The results of which have the following significances: (A) Since Inorg-As is a human carcinogen, understanding how its metabolism is influenced by environmental factors may help understand its toxicity and carcinogenicity, (B) The interactions between arsenic (As), selenium (Se), and mercury (Hg) are of practical significance because populations in various parts of the world are simultaneously exposed to Inorg-As & Se and/or MeHg, (C) These interactions may inhibit the biotransformation of Inorg-As (III) which could increase the amount and toxicity of Inorg-As (III) and MMA (III) in the tissues, (D) Determination of arsenic species profile in the tissues after ingestion of Inorg-As (III), Se (IV), and/or MeHg+ will help understand the tissue specific influence of Se and Hg on Inorg-As (III) metabolism, (E) Correlation of arsenic species between tissue and urine might help to understand the tissue burden of arsenic species when researchers just know the distribution of arsenic species in urine, (F) The identification of the defense proteins (over-expressed and under-expressed) in the tissues of the mouse may lead to understanding the mechanisms of inorganic arsenic injury in human.

The Superfund Basic Research Program NIEHS Grant Number ES 04940 from the National Institute of Environmental Health Sciences supported this work. Additional support for the mass spectrometry analyses was provided by grants from NIWHS ES 06694, NCI CA 023074 and the BIO5 Institute of the University of Arizona.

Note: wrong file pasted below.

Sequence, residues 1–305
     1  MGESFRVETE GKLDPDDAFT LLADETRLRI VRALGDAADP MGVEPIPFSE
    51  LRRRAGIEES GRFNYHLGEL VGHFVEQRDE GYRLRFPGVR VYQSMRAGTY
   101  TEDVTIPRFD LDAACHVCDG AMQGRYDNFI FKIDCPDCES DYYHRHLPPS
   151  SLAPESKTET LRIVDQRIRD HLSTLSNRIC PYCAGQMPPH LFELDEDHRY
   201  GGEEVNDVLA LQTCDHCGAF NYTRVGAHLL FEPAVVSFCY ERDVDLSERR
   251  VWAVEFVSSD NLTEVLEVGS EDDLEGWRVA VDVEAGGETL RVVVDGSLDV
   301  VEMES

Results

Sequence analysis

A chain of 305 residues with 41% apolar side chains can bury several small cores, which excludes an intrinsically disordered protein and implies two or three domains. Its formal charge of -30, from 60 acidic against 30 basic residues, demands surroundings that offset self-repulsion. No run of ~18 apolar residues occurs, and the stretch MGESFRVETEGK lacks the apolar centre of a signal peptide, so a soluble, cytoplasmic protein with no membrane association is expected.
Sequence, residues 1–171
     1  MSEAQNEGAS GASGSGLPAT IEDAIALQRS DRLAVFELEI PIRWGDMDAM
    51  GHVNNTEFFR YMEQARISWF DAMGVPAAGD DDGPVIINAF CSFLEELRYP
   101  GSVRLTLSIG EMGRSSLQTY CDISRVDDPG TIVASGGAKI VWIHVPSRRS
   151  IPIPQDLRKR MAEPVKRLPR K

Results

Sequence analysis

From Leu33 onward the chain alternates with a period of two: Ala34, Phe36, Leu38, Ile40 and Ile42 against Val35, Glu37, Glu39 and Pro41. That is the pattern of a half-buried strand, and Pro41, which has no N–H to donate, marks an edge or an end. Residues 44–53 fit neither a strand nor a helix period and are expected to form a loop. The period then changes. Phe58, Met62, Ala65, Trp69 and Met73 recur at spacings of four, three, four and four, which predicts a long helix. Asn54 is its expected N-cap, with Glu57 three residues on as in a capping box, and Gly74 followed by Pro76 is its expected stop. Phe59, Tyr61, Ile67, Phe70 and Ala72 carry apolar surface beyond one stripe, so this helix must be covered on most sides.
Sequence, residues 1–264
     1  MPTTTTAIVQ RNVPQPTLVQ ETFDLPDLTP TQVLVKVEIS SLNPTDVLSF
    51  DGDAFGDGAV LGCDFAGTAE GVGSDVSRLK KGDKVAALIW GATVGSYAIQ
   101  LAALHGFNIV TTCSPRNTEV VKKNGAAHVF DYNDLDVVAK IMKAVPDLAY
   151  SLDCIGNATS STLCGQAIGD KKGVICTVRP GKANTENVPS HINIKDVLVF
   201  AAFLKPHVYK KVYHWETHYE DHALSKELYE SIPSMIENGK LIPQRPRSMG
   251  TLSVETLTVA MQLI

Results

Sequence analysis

The Authorwantsto dedicate this paper to the memory of Dr. H. VaskenAposhian and Dr. Mary M. Aposhian who collected urine and bloodsamples from Mexican population. The work was done under Prof. H. V. Aposhian sole supervision and with his great contribution.


  1. NRC (National Research Council). Arsenic in Drinking Water. Update to the 1999 Arsenic in Drinking Water Report. National Academy Press, Washington, DC. 2001.
  2. Gomez-Caminero, A.; Howe, P.; Hughes, M.; Kenyon, ; Lewis, D. R.; Moore, J.; Mg, J.; Aitio, A.; Becking, G. Environmental Health Criteria 224. Arsenic and Arsenic Compounds (Second Edition). International Programme on Chemical Safety, World Health Organization. 2001.
  3. Chen, C. J.; Chen, C. W.; Wu, M.; Kuo, T. L. Cancer potential in liver, lung, bladder, and kidney due to ingested inorganic arsenic in drinking water. Br. J. Cancer. 1992, 66, 888-892.
  4. Chakraborti, D.; Rahman, M.; Paul, K.; Chowdhury, U. K.; Sengupta, M. K.; Lodh, D.; Chanda, C. R.; Saha, K. C.; Mukherjee, S. C. Arsenic calamity in the Indian subcontinent. What lessons have been learned? 2002, 58, 3-22.
  5. Nordstrom, D. K. Worldwide occurrences of arsenic in ground water. Scienc 2002, 296, 2143-2145.
  6. Aposhian, H. V.; Aposhian, M. M. Arsenic toxicology: five question Chem. Res. Toxicol. 2006, 19, 1-15.
  7. Aposhian, H. V. Enzymatic methylation of arsenic species and other new approaches to arsenic toxicity. An Rev. Pharmacol. Toxicol. 1997, 37, 397-419.
  8. Vahter, M. Variation in human metabolism of arsenic. In: Abernathy, C. O.; Calderon, R. L.; Chappell, W. R., (eds) Arsenic exposure and Health effect Elsevier Science, New York, 1999, pp 267-279.